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H is conserved and it generates evolution – it is a Hamiltonian! Hamiltonian linear in momentum?!?!?! No low boundary on the total energy – lack of ground state!!! Produces ‘runaway’ solutions: the system becomes highly unstable - collapse and explosion at the same time

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‘Runaway’ solutions Unrestricted low boundary of the total energy produces instabilities Additionally, we generate new degrees of freedom, which require introduction of additional (originally unknown) initial conditions for them These problems are solved by means of introduction of constraints Constraints restrict unstable behavior and eliminate unnecessary new degrees of freedom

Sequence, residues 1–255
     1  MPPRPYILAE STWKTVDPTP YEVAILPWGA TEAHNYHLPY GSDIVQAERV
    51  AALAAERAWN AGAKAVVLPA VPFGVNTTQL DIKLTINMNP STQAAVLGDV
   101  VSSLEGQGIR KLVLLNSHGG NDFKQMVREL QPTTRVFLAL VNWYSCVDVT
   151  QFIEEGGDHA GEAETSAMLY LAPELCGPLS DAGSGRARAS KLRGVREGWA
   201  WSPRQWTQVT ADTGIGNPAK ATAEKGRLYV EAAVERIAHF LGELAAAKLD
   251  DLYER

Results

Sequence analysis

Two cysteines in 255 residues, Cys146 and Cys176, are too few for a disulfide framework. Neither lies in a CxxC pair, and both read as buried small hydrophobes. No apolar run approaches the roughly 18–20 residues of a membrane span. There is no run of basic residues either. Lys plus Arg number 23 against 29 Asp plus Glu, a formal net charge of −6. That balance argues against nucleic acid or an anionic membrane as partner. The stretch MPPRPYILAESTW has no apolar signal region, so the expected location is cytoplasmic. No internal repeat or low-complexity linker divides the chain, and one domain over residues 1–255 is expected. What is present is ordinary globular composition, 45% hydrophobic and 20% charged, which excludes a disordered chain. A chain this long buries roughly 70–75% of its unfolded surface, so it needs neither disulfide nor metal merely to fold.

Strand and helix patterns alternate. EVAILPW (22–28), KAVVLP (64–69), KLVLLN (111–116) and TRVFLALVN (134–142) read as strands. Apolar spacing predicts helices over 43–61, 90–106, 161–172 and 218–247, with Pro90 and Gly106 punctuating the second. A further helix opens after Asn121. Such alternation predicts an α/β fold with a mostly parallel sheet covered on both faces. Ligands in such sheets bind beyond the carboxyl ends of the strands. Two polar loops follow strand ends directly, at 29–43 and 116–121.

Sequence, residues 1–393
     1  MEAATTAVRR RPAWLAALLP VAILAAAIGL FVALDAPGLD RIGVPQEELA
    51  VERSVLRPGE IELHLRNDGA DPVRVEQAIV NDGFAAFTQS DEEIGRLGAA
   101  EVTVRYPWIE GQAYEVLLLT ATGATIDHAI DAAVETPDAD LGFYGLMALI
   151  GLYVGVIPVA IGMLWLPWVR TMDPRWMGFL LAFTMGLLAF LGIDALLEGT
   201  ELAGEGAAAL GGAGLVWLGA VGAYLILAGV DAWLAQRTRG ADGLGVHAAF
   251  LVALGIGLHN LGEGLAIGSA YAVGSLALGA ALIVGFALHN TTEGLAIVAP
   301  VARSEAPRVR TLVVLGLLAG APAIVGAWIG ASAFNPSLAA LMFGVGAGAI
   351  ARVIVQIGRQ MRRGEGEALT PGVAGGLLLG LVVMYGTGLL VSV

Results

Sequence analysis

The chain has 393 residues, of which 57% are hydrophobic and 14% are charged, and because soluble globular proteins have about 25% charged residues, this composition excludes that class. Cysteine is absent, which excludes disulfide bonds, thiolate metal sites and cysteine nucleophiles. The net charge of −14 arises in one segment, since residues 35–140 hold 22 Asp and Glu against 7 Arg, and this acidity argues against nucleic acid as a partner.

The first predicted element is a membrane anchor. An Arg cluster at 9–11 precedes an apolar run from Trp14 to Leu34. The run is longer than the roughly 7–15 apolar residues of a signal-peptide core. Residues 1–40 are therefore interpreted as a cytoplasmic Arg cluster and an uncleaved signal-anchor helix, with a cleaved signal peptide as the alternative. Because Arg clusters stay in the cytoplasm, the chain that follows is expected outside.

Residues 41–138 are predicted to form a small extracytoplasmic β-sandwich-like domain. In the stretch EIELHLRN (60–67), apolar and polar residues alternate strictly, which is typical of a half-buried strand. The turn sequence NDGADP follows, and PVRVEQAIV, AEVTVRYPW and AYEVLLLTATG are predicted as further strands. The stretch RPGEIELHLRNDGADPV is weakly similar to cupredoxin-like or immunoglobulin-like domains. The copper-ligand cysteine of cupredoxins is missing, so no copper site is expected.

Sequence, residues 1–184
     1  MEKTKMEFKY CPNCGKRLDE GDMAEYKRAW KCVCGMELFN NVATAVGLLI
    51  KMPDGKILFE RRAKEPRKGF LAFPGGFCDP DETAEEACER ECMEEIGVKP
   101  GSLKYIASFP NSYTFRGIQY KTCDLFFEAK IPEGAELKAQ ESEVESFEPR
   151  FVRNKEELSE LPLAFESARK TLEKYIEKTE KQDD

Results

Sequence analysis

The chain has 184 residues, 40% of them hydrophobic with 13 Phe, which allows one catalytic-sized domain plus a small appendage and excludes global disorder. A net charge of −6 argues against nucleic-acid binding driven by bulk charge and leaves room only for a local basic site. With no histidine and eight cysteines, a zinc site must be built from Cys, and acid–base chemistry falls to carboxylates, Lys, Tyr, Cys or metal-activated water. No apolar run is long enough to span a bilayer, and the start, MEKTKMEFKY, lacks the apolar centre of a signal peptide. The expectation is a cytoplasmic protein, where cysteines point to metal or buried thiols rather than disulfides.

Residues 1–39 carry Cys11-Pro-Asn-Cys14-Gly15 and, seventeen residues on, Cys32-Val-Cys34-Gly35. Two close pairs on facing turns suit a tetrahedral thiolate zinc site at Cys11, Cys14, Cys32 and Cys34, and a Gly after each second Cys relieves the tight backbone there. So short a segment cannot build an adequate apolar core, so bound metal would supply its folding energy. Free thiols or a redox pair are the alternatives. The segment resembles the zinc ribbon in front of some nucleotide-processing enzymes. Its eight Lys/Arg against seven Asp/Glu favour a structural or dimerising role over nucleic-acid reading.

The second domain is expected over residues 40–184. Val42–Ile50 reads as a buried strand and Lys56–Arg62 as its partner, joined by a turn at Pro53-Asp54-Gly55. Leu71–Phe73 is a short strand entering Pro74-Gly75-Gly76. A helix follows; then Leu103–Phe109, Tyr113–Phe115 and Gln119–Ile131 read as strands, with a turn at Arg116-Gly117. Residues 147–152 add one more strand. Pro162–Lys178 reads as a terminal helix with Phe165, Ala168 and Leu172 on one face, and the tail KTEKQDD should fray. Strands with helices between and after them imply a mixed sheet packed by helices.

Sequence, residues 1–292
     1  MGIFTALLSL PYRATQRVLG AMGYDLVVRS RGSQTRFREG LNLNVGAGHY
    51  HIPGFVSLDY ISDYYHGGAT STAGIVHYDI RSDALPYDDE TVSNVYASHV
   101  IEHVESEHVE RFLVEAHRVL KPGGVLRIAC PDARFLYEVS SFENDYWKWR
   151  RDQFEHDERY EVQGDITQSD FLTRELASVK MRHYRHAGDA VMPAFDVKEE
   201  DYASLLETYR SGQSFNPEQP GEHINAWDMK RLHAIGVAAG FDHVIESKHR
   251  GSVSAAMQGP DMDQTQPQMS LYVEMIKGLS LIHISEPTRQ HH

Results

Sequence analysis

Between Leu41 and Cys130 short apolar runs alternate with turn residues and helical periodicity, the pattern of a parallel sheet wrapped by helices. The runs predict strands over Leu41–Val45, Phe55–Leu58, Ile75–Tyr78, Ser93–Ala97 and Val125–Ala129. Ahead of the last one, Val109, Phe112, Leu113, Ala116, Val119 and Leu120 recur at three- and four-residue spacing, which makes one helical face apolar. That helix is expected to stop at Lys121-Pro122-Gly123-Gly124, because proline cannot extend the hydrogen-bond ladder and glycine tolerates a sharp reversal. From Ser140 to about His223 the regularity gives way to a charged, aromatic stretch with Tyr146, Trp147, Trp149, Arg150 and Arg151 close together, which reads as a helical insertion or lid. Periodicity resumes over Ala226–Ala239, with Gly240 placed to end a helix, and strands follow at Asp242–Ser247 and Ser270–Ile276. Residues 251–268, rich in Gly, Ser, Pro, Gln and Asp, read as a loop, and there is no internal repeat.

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Canonical transformations Recall gauge invariance (leaves the evolution of the system unchanged): Let’s combine gauge invariance with Legendre transformation: K – is the new Hamiltonian (‘Kamiltonian’ ) K may be functionally different from H 9.1

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Canonical transformations Multiplying by the time differential: So 9.1

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Generating functions Such functions are called generating functions of canonical transformations They are functions of both the old and the new canonical variables, so establish a link between the two sets Legendre transformations may yield a variety of other generating functions 9.1